ALEX CHADWICK, host:
From the studios of NPR West, this is DAY TO DAY. I'm Alex Chadwick.
MADELEINE BRAND, host:
I'm Madeleine Brand.
Coming up on the program, a U.S. senator hears from voters on Iraq, and he tells us what they're telling him.
CHADWICK: First, the U.S. military directly blamed the government of Iran for supporting Shiite militia groups in Iraq.
Brigadier General Michael Barbero made the charge at the Pentagon yesterday.
Brigadier General MICHAEL BARBERO: Iran is definitely a destabilizing force in Iraq. I think it's irrefutable that Iran is responsible for training, funding, and equipping some of these Shia extremist groups.
CHADWICK: Gen. Barbero emphasized that Tehran is sending money to Iraq.
Brig. Gen. BARBERO: I think it is a policy of the central government of Iran to support the Shia extremist groups in Iraq.
CHADWICK: NPR's John Hendren was at the briefing at the Pentagon. He joins us now.
John, welcome back to the program. And tell us what is Gen. Barbero's position here? What exactly does he represent at the Pentagon?
JOHN HENDREN reporting:
Well, he's the director of regional operations, meaning he's the guy who keeps tabs on what is going on out there in the war zone. And traditionally, that's the guy who's come up and given us what they call operational briefs. So he's the guy who should really know what's going on.
CHADWICK: And this is - there have been suggestions in the past that there was help coming to these Shiite groups from Iran, which is a Shiite nation. But maybe it was coming from third party groups or you weren't quite sure who. The charge now is it's directly from the government of Iran.
HENDREN: That's right. The general's words were the central government in Iran. And that was a key change.
I have had briefings by senior intelligence officials, both here at the Pentagon and in Iraq, and they would always refer to elements from Iran.
And in some cases, they would cite circumstantial evidence such as shape charges. These are very powerful roadside bombs that require heavy machining from a nice manufacturing facility. And they would say that they were able to link the bombs themselves to Iran.
Now they went on to say in general that they could not say for certain that the government was linked, and it does seem like this is really a new step in the rhetoric from the Bush administration.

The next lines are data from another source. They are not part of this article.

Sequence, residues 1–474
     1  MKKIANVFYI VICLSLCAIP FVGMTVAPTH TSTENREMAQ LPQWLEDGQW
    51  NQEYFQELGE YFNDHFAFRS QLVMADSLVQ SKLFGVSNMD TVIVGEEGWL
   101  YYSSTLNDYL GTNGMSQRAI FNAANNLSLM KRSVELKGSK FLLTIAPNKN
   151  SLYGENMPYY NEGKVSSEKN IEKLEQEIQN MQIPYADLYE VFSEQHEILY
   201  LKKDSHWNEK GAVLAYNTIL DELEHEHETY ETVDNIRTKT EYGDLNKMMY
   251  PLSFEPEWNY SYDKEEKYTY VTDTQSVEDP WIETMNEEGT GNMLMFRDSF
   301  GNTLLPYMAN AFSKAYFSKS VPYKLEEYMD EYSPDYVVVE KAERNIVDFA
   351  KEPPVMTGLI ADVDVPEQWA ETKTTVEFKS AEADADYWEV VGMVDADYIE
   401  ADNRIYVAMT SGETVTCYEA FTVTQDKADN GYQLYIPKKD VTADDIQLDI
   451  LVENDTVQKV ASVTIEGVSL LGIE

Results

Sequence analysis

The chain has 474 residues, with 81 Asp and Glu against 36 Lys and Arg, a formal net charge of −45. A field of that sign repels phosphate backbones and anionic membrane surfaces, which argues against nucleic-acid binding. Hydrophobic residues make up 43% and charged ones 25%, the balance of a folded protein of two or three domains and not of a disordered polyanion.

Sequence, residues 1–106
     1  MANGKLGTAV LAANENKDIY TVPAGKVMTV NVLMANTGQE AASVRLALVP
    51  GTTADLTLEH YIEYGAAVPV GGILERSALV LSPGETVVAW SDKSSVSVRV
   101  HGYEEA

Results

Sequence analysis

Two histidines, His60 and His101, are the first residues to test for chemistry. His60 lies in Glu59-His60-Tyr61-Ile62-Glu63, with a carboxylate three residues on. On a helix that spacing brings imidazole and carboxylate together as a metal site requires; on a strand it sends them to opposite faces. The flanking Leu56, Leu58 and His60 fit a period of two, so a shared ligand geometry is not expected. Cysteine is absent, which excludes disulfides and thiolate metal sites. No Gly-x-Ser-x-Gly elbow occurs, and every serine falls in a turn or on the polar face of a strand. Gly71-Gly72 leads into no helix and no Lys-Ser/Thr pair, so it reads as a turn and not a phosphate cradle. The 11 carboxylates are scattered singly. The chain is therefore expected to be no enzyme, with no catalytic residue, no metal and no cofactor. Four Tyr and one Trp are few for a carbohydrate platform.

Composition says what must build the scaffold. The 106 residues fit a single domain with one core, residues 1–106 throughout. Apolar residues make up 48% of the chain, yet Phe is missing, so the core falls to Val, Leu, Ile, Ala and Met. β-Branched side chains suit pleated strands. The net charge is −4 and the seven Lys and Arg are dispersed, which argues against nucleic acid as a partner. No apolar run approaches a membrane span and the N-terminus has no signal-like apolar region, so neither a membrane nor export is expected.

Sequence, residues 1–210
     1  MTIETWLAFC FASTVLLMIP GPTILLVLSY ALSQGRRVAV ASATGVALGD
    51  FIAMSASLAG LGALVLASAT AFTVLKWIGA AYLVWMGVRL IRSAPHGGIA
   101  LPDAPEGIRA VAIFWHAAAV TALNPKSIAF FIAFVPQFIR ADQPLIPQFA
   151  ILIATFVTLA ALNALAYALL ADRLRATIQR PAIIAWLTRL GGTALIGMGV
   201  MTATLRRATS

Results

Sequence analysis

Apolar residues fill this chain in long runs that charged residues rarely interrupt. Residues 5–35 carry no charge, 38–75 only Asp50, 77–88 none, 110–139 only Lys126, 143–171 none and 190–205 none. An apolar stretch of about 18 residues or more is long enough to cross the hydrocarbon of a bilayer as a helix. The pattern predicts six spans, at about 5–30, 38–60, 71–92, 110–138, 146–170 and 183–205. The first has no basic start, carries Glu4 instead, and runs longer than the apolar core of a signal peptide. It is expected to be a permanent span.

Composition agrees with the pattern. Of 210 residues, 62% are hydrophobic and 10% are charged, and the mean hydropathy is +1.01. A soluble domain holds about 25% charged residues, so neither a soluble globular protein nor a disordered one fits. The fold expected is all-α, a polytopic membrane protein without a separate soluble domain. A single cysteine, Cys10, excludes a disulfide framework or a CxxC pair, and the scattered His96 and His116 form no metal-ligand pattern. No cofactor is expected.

CHADWICK: And is the general citing any evidence - new evidence about the relationship between Iran and the Shiites in Iraq?
HENDREN: No, he was asked - he was pressed on that point of what the new evidence was. And he said he thought it would be best not to describe that specifically.
It's my understanding that what's going on is that he is taking a harder line in interpreting the available evidence that there is - that is, the evidence that as far as I know is largely circumstantial. But he used the word irrefutable, which certainly suggests he has more information. We don't know that he does.
CHADWICK: You've just been on a rotation through Iraq, haven't you John? You were there for several weeks. Is there evidence there that people are talking about increased evidence of support for Iraqi Shiite fighters from Iran?
HENDREN: Yeah, you hear a lot about that. I mostly get these in military intelligence briefings. There is British intelligence that suggests Iran is supplying roadside bomb technology. This is information that's been gathered in Basra, which is the district where the Brits dominate.
Iran is apparently a major source of funding and logistics. They have strong ties to the Supreme Council for Islamic Revolution in Iraq - that's according to military officials.
Intelligence reports say that they have in fact armed and trained 40,000 troops for Islamic revolution in Iraq - according to reports, that is. Most of them are Iraqi POWs held in Iran.
CHADWICK: John Hendren, NPR Pentagon correspondent.
John, thank you.
HENDREN: Thank you, Alex.
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